Cayden’s priests are usually clerics, with a small number of bards, adepts, and druids. His easygoing nature and lack of a central church agency mean that his priests are able to use their discretion when it comes to how to advance his cause in the world. Some are solo crusaders for good, while others found adventuring companies or support border towns in need of faith and comfort. Priests are expected to drink ale, wine, or other spirits on a regular basis, and some take no other liquid in their diet.

Most priests have a skill related to ale or wine. They might brew ale or beer, make wine, plant crops for these beverages, or transport or sell spirits. In smaller communities, a cleric might teach farmers to set aside a small parcel of land for barley or grapevines, show them how to brew their own drinks in small quantities, and encourage them to share with their neighbors to create bonds of friendship. Alchemy or potion-making are common pastimes for Cayden Cailean’s priests. Some temples include a bakery and even sell “potion breads” identical in effect to liquid potions but in bread form. Traveling clerics always carry a small keg of strong ale or wine, and it is customary for a cleric to toast a blessing at any gathering of strangers.

A typical day for a cleric involves waking, a prayertoast, breakfast, preparing spells, and a period of work. Evening is for friends, family, telling stories, and personal interests. The church uses no formal titles, though those who bear one from a guild or profession normally use that within the church as well. The church has an informal knightly order that promotes good, seeks out evil, and changes its name often.

Cayden was a courageous mortal, although often his courage was bolstered by a wineskin or flank. He expects his followers to be brave in the face of danger, though there is no shame in retreat—he is the god of bravery, not reckless stupidity contrary to common sense.

His festive temples resemble common ale halls, and attract members of all social classes. He has few buildings that function only as temples; most are actual alehouses bearing a shrine to him above the bar, and a few are orphanages sponsored by the church. Religious items are usually functional rather than decorative.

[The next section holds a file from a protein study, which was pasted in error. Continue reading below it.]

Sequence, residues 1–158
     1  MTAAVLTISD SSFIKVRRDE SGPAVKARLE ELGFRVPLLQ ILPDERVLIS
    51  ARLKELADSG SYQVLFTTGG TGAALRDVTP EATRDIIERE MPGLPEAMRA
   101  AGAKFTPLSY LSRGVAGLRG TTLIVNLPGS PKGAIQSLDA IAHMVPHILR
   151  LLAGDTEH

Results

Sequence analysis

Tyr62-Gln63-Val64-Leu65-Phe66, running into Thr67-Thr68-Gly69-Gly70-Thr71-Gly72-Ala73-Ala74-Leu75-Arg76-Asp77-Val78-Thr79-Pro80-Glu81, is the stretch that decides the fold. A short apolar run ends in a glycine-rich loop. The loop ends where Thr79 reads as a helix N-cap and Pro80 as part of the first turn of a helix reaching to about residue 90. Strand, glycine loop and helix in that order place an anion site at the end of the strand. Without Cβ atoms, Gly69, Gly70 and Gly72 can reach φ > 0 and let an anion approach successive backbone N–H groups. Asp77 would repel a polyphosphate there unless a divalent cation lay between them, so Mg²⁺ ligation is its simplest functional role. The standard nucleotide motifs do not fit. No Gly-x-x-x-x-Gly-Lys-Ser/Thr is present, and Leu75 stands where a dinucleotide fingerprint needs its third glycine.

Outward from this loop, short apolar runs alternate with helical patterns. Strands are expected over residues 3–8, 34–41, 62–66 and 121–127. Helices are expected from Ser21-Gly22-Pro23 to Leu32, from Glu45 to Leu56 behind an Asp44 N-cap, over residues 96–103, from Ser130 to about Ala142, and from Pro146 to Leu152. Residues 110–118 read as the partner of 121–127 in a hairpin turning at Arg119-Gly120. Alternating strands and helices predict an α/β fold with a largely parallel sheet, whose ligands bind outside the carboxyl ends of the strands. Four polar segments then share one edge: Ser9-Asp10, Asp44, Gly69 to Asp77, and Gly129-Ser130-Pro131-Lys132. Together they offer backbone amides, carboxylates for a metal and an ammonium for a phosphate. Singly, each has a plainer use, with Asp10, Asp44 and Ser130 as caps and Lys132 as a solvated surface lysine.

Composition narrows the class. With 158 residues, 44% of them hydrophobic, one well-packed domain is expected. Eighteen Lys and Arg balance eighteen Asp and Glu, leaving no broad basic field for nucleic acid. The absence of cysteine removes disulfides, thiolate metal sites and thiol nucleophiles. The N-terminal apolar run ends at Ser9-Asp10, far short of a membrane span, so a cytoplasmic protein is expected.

Cayden’s church essentially has no hierarchy, as none of his priests really like other people telling them what to do. The god himself sometimes has to send visions or dreams to his priests to encourage them to meet on an issue and decide a plan of action, otherwise the priests assume the best person to deal with a problem is the one to discover it. Most priests are friendly with each other, and though there can be personal rivalries, they are rarely anything that can’t be solved with a bar fight. Formal raiment is a simple brown tunic or robe with a wine-red stole bearing his ale-mug symbol (adventurer-priests of the faith sometimes carry a magical stole that doubles as a rope and can extend beyond its normal length).

Services to Cayden always include a toast or a song. An official church holiday often resembles a festival more than a time of worship. While every day is reason for a celebration, two days merit extra attention; one is First Brewing, where a small amount of the first harvest of the year is set aside to ferment, and the other is the Ascension, held on the first day of the year inhonor of Cayden becoming a god. His simple holy text is the Placard of Wisdom, condensing his divine philosophy into a few short phrases suitable for hanging on the wall.

His clerics may prepare neutralize poison as a 3rd-level spell. They may spontaneously cast knock as a 1st-level spell but only to open welds, shackles, or chains used to imprison or hobble someone. Their create water spell can create ale or wine (1 cup per level), and their create food and water spell can be used to make ale or wine rather than water (which spoils at the same rate the food does). His bards may learn knock as if it were a 2nd-level spell on the bard spell list.

Cayden Caliean